WASHINGTON -- Gordon Jones was dismayed.
Out of work since October 2008, the laid-off CarMax salesman in Las Vegas said he received his last $375 unemployment check on June 2 and needed Congress to come through with some more help.
But after learning of the latest complication Thursday -- failure by the Senate after three tries to pass an extension of weekly payments for the long-term unemployed -- Jones was unsure of his next move.
"This is devastating," said Jones, 53 and single. "I have bills I can't pay, and trying to get a job right now it seems for each job there are three thousand applications. You can't even get a job at 7-Eleven or McDonald's here."
In the state with the nation's highest unemployment rate of 14 percent, the failure of Congress to act carried added significance. According to the Department of Labor, an estimated 1,600 Nevadans will lose their jobless benefits by this weekend.
"This rejection is a slap in the face to out-of-work Nevadans who will soon be denied the additional assistance they need just to pay the bills and keep food on the table," said Rep. Shelley Berkley, D-Nev.
The jobless payments were a centerpiece of a $109 billion package that contained other provisions affecting Nevada as well:
■ It would have extended for another year the popular deduction for state and local sales taxes. Nevadans deducted $933.5 million in 2007, and saved $230 million in federal income taxes, according to a rough estimate by the office of Sen. Harry Reid.
■ It would have provided state government with additional Medicaid funding, averting more state job losses that Gov. Jim Gibbons said could occur if the money does not arrive.
Reid said two weeks ago that Nevada would get the $130 million it needed, but he scaled back the Medicaid portion in a bid for compromise and it was not immediately clear what Nevada's share would be if it had advanced.
■ It would have restored Nevada counties' 25 percent share of royalties from geothermal leasing on federal land.
■ It would have extended the deadline until Sept. 30 for purchasers to close on a house and still qualify for a home-buyers tax credit.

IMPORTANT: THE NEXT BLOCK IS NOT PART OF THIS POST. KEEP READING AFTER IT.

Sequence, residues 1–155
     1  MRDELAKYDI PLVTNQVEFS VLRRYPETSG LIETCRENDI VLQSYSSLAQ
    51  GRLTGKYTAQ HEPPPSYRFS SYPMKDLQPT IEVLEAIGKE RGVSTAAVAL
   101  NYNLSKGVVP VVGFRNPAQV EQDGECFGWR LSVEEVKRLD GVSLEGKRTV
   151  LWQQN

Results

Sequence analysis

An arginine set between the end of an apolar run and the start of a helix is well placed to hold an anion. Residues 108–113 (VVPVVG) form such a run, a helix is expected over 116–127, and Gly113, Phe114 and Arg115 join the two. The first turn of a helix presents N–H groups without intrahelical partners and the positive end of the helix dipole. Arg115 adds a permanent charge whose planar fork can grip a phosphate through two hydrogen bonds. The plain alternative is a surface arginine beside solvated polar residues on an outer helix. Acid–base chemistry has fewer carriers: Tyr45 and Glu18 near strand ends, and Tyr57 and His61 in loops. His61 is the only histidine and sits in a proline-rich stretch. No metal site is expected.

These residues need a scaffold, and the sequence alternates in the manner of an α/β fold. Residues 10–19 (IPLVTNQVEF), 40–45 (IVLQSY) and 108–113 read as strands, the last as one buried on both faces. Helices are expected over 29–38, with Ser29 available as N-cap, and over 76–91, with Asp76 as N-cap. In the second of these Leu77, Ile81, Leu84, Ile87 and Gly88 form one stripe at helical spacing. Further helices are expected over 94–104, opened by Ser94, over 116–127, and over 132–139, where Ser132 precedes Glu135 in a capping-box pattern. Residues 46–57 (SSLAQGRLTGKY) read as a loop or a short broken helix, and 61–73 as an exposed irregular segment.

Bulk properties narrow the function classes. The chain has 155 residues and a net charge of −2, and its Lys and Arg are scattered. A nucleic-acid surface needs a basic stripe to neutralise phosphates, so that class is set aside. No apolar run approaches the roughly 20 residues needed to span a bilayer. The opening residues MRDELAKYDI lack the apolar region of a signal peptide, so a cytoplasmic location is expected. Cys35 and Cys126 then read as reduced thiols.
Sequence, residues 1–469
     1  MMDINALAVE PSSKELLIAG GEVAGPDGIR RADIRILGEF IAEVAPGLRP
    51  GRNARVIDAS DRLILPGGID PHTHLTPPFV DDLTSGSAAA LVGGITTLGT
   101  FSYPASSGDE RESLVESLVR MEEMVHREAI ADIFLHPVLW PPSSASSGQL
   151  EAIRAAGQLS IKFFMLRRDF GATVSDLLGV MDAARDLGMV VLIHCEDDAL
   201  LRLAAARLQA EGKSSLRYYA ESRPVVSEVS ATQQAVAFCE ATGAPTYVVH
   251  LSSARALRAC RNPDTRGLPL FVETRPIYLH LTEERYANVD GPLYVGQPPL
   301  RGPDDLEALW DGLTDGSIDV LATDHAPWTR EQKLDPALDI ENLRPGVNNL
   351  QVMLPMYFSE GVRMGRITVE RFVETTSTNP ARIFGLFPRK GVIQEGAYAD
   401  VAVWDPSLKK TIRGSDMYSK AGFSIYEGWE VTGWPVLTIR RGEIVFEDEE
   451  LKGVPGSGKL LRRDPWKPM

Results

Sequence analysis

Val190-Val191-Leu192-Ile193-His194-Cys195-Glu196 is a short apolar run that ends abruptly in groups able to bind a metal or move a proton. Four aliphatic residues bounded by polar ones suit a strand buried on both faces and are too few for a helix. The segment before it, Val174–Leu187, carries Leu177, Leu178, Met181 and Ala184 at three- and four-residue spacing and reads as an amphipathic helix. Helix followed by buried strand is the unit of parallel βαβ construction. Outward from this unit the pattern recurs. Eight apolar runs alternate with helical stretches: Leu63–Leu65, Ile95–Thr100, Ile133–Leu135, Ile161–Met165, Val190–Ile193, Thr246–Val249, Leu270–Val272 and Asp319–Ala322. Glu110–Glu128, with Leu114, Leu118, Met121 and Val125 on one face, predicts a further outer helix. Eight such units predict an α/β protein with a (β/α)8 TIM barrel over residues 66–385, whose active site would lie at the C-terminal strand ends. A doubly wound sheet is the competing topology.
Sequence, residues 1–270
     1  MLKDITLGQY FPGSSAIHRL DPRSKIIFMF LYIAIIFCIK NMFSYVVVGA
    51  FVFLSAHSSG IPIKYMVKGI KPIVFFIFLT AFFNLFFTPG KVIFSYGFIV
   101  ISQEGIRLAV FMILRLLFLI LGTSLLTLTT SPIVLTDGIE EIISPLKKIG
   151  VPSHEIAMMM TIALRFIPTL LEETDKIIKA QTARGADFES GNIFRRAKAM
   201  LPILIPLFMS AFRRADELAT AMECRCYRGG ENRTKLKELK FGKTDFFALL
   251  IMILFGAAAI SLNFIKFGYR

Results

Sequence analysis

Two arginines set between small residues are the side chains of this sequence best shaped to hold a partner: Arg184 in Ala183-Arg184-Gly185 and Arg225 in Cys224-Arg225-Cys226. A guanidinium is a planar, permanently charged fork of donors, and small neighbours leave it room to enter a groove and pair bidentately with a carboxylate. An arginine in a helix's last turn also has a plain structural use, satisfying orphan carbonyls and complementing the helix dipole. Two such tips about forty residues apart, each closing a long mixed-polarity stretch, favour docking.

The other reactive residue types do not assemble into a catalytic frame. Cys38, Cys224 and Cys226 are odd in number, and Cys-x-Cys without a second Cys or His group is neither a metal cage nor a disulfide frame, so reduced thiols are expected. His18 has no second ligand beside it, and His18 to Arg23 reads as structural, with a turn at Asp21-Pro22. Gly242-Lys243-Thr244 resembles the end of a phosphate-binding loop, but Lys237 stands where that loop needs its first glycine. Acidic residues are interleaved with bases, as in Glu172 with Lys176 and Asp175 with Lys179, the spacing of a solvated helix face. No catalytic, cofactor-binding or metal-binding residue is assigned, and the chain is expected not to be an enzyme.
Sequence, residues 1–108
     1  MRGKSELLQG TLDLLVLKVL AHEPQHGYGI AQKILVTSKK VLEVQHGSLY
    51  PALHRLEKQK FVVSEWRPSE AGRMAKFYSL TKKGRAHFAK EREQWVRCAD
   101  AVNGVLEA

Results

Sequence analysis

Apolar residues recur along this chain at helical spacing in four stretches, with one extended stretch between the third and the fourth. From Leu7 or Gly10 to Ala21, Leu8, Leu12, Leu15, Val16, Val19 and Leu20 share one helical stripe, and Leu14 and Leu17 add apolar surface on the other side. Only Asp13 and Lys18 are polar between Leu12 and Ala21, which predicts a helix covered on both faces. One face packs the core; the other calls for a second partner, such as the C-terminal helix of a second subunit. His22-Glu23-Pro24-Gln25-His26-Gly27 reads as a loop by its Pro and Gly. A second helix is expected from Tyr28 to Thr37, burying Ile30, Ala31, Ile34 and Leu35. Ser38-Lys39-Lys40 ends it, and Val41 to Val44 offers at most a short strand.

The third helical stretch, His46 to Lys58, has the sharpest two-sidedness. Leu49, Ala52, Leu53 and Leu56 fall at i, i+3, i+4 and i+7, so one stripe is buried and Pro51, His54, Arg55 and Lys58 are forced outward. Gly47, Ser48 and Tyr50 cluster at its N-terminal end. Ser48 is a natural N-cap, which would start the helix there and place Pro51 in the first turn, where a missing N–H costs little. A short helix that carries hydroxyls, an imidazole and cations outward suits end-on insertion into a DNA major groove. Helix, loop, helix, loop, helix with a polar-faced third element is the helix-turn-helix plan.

Reid, the Senate majority leader, said the Democrats had spent parts of eight weeks trying to get a bill passed that would strengthen the safety net for people still reeling from the deep recession, but Republicans thwarted the effort.
"At a time when people are struggling to find work and keep their homes, it is difficult to comprehend why anyone would vote against helping them," he said.
After the latest setback, Reid said he would place the bill on the back burner and turn to a small-business bill that is next on the Democrats' job-creation agenda.
Every Republican plus Sen. Ben Nelson, D-Neb., voted against the bill on a procedural motion, depriving Reid of the 60 votes necessary to move it to passage. Reid courted Republican moderates Olympia Snowe and Susan Collins of Maine, to no avail.
Republicans complained that not all new spending was offset with budget cuts elsewhere and so would deepen the budget deficit by $33 billion. They proposed to pay for the package with unspent stimulus money but that was rejected by Democrats.
Also, some GOP senators balked at offsets in the bill that consisted of new business taxes, saying they would hurt the economy.
"We have done everything that we could," Reid said afterward.
He had argued there were offsets for all but $35 billion in unemployment benefits, which he said customarily is treated as emergency spending not requiring cuts elsewhere.
Among the senators voting no was Sen. John Ensign, R-Nev.
"Nevadans are hurting and I know that many are worried about losing their benefits, but we have to pass legislation that will pay for the benefit extension now instead of later," Ensign said.
"This year, Congress has passed spending bill after spending bill, none of which have been paid for, and we are bankrupting the future of our country," he said.
Jones said he called Ensign's office on Thursday. He said he was told the senator "wasn't voting against the bill, he was voting against the way they were funding it," and that he had supported tapping bailout funds to pay for jobless benefits.
"I don't care how it is funded," Jones said. "We need the money, period. I am sure I am not the only one in this situation."
Contact Stephens Washington Bureau Chief Steve Tetreault at firstname.lastname@example.org or 202-783-1760.